Pennsylvania Supreme Court upholds Philadelphia soda tax
The tax was introduced in January 2017, imposing 1.5c per ounce on the distribution of sweetened beverages (including regular and diet sodas and energy drinks).
In a 4-2 majority opinion, the Supreme Court found the City of Philadelphia had not violated state law by taxing the distribution of beverages. Made yesterday, its ruling upholds that of the lower and appellate courts, both of which had also ruled in favor of the City.
The Supreme Court’s decisions ends nearly two years of litigation, allowing the City of Philadelphia to move ahead with its plans for the revenue from the tax.
City’s ability to address local issues
The challenge to the beverage tax – driven by retailers and representatives of the beverage industry such as the American Beverage Association, Pennsylvania Beverage Association, Philadelphia Beverage Association and Pennsylvania Food Merchants Association - had focused around whether Philadelphia’s tax created a double tax on top of state tax and thus violated state law.
But the Supreme Court ruling says the ‘legal incidences of the Philadelphia tax and Commonwealth’s [state] sales and use tax are different, and, accordingly, Sterling Act pre-emption does not apply’.
The City of Philadelphia says the Supreme Court ruling in favor of the tax emphasizes the city’s ability to address local needs and issues.
Marcel Pratt, city solicitor for the City of Philadelphia, said: “The highest court in our Commonwealth [has] affirmed the legality of the Philadelphia Beverage Tax.
“As we have stated since passing the Philadelphia Beverage Tax, the City of Philadelphia possessed the legal authority to enact the Philadelphia Beverage Tax because of the broad taxing authority granted by the Sterling Act.
"As the Pennsylvania Supreme Court recognized, the Sterling Act is an embodiment of Depression-era legislation intended to enhance the City of Philadelphia’s ability to address essential local needs and issues—which is precisely why the City of Philadelphia enacted the Philadelphia Beverage Tax to fund programs and initiatives that our City needs.
“Once and for all, it is now beyond question that the Philadelphia Beverage Tax is not duplicative of the state retail sales tax. I am thankful to the Pennsylvania Supreme Court for its careful consideration of this matter.
"We are now at the point where we can move forward with the programs that this tax funds with full assurance that the Commonwealth’s highest Court has agreed with the City’s position.”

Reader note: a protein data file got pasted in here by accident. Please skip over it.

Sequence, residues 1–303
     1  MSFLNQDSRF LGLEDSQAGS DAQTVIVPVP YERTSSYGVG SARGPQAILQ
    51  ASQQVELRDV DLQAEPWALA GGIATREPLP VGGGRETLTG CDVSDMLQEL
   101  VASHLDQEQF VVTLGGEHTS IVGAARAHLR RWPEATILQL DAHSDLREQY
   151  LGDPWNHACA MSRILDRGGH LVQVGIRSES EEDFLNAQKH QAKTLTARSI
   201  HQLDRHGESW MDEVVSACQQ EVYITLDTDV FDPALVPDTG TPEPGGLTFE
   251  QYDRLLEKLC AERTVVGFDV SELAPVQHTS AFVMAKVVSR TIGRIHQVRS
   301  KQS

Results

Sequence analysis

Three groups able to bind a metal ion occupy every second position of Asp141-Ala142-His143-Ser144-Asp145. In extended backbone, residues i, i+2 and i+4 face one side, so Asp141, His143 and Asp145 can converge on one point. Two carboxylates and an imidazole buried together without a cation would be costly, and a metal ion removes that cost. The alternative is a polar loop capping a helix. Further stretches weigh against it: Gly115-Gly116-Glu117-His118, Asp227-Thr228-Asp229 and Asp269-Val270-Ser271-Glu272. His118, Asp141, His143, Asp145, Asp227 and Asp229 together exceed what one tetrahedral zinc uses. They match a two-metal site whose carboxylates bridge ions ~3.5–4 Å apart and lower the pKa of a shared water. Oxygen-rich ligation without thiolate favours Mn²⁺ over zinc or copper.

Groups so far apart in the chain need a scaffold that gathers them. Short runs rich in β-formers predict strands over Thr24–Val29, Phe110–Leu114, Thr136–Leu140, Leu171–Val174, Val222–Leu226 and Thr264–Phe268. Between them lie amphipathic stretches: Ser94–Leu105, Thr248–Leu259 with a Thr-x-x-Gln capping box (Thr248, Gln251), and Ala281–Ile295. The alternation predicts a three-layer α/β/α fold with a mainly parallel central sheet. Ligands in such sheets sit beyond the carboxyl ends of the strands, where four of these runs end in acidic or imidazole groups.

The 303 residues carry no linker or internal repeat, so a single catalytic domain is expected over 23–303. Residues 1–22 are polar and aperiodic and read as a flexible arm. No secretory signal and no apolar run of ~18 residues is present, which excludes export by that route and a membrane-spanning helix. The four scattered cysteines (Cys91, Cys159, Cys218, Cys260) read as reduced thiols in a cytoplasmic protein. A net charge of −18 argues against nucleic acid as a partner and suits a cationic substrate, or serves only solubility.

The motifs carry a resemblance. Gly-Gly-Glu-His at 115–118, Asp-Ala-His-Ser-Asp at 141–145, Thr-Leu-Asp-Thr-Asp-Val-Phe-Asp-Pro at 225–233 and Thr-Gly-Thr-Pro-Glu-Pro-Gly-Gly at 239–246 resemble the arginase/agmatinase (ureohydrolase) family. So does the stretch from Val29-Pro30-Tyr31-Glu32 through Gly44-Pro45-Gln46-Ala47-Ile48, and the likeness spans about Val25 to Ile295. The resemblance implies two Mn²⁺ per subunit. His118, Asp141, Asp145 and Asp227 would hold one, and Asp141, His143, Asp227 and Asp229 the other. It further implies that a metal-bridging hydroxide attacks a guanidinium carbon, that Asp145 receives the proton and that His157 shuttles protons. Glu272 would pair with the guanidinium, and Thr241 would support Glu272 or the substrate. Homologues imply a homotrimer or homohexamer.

Full steam ahead for community programs
Money raised by the tax goes towards Pre-K, community schools, parks, recreational centers and libraries. While many of these plans have been on hold during the legal challenge, Mayor Jim Kenney says the legal resolution means plans can go ahead.
“The City of Philadelphia will now proceed expeditiously with our original plans – delayed in whole or part by nearly two years of litigation — to fully ramp up these programs now that the legal challenge has been resolved,” he said.
Today's PA Supreme Court ruling is another win for the future of #Philly! It affirms our promise to provide quality pre-K, as well as to invest in the rebuilding our public parks, libraries, and our community schools. https://t.co/xmEUXOf4pB— Jim Kenney (@JimFKenney) July 18, 2018
Ax the Bev Tax, a coalition of business owners, restaurants and other parties, says local businesses are losing revenue as a result of the tax.
“We are clearly disappointed that the Pennsylvania Supreme Court ruled against local businesses and consumers in upholding Philadelphia’s wildly unpopular beverage tax, which is opposed by 60% of Philadelphia voters and has cost nearly 1,200 jobs," it said in a statement yesterday.
"It is now up to our elected officials to listen to the concerns of their constituents and provide Philadelphians much needed relief by reversing this tax.”
US soda taxes
Soda taxes have become a battleground in the US as various cities and jurisdictions fight for and against their introduction. Proponents – such as health organizations and local government - highlight the need to address the obesity epidemic alongside issues such as diabetes and tooth decay, seeking to curb sugar and calorie consumption. But not all consumers are on board with being priced out of their favorite soft drinks, while the beverage industry questions the effectiveness and fairness of such taxes.
Boulder, Albany, Berkeley, Oakland, Seattle and San Francisco are all places that have introduced some form of tax on sugar-sweetened beverages.
But last month California agreed to ban all new local soda taxes until 2031, although the California Medical Association and California Dental Association have filed a new ballot measure for the 2020 US election, calling for a statewide tax on sugar-sweetened drinks.
Cook County (Illinois) introduced a soda tax in August 2017, only for the measure to be repealed in October, while Santa Fe (New Mexico) rejected a soda tax in May last year.